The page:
Survivor’s Guilt, by Stacey Uykimpang

They called us the flyjin
The foreigners who flew away back to their home countries
the lucky ones who could escape the pain of
daily aftershocks
nuclear meltdown worries
sensational news stories
the worry of not knowing who to believe
and being caught in the middle of a world natural disaster.

But some of us stayed anyway
to live the same fate as many of the good Japanese people
who didn’t deserve what happened
to try to regain normalcy
in a country that we had committed to making our home.

I was not one of them.

I stole away in a taxi cab at midnight
with three other foreigners
one week after the earthquake
following the example of many others like us.

We drove to Akita Airport in the worst snow I’ve ever seen in my life
and I cramped in fear in the backseat
my eyes bleary from crying all day, unable to sleep
I’ve never felt so tense in my life
our very few things
stuffed into the back
and on our laps.

I wondered if the driver had a family to come home to
and why did he take on such a job for so little money
sacrificing his life out there on these windy roads
for these goddamn flyjin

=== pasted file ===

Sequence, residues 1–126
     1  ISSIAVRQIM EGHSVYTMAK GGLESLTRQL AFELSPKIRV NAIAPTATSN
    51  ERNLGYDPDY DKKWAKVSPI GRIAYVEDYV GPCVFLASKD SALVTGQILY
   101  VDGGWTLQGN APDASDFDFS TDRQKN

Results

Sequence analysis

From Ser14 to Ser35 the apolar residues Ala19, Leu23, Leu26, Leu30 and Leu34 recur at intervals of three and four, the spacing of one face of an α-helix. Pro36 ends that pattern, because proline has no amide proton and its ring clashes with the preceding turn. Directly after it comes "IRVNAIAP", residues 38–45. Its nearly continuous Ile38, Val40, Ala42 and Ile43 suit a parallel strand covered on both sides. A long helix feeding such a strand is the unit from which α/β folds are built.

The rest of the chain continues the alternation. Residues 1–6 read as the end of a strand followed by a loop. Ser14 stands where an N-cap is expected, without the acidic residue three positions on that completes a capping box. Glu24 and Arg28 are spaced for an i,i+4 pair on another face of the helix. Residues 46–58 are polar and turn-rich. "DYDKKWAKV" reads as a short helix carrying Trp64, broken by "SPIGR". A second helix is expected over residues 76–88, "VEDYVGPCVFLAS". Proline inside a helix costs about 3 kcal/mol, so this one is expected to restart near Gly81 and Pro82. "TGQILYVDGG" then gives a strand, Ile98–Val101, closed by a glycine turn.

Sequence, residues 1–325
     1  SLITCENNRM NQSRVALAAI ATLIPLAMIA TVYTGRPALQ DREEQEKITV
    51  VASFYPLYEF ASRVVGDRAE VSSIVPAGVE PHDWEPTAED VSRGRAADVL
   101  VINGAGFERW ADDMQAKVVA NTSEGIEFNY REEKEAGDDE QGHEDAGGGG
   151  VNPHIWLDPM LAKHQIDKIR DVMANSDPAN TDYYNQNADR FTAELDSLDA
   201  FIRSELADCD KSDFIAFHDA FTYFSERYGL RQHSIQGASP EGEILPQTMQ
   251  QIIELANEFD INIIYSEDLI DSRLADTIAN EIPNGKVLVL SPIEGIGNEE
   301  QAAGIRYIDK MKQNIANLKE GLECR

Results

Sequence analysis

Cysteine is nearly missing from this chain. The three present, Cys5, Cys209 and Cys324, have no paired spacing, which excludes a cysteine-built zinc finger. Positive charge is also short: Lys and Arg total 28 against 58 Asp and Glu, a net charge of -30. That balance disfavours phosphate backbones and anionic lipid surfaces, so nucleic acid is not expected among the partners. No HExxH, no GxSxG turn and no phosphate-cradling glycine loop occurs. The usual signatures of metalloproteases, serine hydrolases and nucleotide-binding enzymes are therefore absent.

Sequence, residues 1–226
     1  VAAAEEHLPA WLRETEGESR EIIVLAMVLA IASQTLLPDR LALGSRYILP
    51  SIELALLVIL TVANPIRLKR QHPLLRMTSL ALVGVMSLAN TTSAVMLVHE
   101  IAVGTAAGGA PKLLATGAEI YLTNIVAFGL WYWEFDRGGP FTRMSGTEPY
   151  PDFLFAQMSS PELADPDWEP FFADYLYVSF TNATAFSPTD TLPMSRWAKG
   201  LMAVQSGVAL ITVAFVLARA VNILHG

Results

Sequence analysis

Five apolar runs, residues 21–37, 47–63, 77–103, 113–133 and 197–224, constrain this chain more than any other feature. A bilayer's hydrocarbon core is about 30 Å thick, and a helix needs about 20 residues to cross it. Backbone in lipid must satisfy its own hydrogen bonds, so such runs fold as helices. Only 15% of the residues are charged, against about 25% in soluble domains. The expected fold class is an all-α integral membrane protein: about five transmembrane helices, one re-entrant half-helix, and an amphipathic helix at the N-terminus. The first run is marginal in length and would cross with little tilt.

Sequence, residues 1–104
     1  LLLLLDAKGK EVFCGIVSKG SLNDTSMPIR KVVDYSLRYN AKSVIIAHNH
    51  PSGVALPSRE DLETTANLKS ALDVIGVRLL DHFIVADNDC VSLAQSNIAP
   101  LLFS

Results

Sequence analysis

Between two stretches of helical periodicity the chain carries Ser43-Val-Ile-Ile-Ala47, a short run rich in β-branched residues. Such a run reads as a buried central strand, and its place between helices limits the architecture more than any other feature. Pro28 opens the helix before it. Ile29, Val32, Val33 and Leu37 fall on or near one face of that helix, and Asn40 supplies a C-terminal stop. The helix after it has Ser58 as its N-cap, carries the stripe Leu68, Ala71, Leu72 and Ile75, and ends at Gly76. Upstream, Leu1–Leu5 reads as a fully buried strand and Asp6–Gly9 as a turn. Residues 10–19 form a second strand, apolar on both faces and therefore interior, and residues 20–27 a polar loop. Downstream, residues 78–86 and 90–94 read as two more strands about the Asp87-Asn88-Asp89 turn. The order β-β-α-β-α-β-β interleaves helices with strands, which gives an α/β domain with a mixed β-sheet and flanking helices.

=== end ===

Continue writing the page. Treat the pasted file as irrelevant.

that have the luxury to leave in a time like this?

When we arrived at 3 in the morning
and we found out the airport didn’t even open until 6 am
he stayed with us and left the car running so we wouldn’t freeze
even though gas at the time was such a scarce commodity.

He did all of this without the slightest bit of hesitation
listened to our indecipherable tired talk for all of that time
took the occasional cigarette break
and when the airport finally opened
he didn’t even want to accept the generous tip
we forcibly pressed into his hands.

This is the kind of thing
I ran away from.

I’m pretty sure I’m a bad person
to feel relieved that I didn’t lose
any family members
for having to only worry about MYSELF
and not EVERYTHING
that I’ve ever known in life
now in shambles in the sea.

I’m pretty sure I’m a bad person to feel relieved
that I still had a place to come home to
and to think how incredibly convenient it was
that I was not really from there.

Life is quite unfair for a whole lot of good people
but what else can I do except enjoy the quiet California sun
and remember Japan in March as a dream
something that is no longer my problem
while many people still suffer every day.

Stacey Uykimpang is a native southern Californian, who recently came back from teaching English in Japan.



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